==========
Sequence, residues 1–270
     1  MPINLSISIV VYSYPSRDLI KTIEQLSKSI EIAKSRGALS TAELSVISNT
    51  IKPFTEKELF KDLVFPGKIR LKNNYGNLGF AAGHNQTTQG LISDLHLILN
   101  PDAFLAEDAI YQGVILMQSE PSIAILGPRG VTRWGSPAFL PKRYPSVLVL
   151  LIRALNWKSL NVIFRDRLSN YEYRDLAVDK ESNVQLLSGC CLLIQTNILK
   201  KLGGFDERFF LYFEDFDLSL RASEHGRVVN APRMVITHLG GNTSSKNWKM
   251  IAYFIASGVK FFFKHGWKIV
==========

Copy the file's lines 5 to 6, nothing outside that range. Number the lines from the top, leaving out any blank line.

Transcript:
   151  LIRALNWKSL NVIFRDRLSN YEYRDLAVDK ESNVQLLSGC CLLIQTNILK
   201  KLGGFDERFF LYFEDFDLSL RASEHGRVVN APRMVITHLG GNTSSKNWKM